Though in both cases these countries are on the UK’s ‘amber list’, where the government says they “should not travel”, thousands are doing so anyway, with a maximum 10-day quarantine period at their place of residence and two COVID-19 tests required on their return home an acceptable trade-off for those who can work remotely, or are retired.

This will be another small source of passengers for SIA’s Manchester flights.

Houston isn’t included… yet!

The reinstated SQ52/51 route will start without its former “fifth freedom” extension between Manchester and Houston, but that’s where things potentially get interesting.

A rumoured travel corridor opening up between the UK and the US this summer could allow the airline to quickly jump on what might become one of its first ‘jewels in the crown’ since the pandemic hit – an ‘Air Travel Bubble’ far from home.

Manchester to Houston is SIA’s only UK-US “fifth freedom” service

As you may have noticed from the schedule outlined above, SIA’s A350 will rest in Manchester for over 26 hours before operating its return service to Singapore. That’s 80 hours a week doing absolutely nothing, nearly 7,000 miles away from home base.

It means the airline has allowed perfect timing for the same aircraft to continue its service from Manchester to Houston, without affecting the Singapore – Manchester schedule.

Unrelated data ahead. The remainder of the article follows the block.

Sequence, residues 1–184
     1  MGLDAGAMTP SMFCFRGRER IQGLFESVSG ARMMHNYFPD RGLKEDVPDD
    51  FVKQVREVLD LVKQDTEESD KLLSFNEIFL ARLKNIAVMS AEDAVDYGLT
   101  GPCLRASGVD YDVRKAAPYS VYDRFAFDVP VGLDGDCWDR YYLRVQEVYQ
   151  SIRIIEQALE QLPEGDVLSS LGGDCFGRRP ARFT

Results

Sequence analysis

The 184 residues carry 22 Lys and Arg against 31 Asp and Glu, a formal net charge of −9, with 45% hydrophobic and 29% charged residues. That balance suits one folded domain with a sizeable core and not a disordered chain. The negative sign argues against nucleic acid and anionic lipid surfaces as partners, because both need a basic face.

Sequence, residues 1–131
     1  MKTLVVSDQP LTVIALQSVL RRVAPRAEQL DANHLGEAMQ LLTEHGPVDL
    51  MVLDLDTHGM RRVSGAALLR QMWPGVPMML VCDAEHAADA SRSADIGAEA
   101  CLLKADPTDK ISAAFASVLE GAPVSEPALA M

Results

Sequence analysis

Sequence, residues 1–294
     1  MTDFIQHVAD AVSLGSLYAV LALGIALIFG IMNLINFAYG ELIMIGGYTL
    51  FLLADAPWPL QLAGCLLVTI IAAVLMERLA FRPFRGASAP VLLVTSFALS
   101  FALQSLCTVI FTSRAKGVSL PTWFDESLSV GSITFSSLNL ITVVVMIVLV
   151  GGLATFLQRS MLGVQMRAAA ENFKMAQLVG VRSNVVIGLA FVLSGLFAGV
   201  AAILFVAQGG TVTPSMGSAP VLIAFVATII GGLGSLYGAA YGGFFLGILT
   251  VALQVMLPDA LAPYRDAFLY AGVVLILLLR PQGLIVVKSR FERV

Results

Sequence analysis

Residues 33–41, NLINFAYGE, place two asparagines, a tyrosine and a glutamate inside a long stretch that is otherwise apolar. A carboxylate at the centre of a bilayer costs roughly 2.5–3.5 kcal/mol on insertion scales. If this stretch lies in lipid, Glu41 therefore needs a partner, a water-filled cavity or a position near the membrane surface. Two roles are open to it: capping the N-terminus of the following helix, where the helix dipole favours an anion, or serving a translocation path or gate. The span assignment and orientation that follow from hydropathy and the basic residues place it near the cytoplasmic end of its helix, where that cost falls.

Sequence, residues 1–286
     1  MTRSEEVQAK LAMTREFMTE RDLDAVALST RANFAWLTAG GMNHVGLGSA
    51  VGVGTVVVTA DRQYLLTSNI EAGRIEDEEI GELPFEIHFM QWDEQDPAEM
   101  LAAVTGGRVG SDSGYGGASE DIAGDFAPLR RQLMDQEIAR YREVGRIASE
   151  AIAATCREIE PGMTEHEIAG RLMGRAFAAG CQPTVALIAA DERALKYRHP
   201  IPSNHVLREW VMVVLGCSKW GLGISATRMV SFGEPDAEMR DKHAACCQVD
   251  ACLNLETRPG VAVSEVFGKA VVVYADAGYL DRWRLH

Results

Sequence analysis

Such a continuation, three days per week, would look like this:

Potential Houston extension

  Days
M T W T F S S
SQ52
A350-900
     
SIN
01:45
MAN
08:30
SQ52
A350-900
       
MAN
10:05
IAH
15:25
SQ51
A350-900
       
IAH
18:50
MAN
09:30*
SQ51
A350-900
       
MAN
11:00
SIN
07:00*

* Next day

As you can see, the three Singapore – Manchester – Singapore flights each week are not impacted at all by the addition of a Manchester – Houston – Manchester extension.

Fun fact: Prior to COVID-19, SQ52 from Singapore to Houston was SIA’s longest direct service on the network (same aircraft, same flight number), clocking in at 25 hours and 5 minutes.

In welcoming the route’s return, Manchester Airport’s Managing Director specifically mentioned working towards the Houston extension as soon as t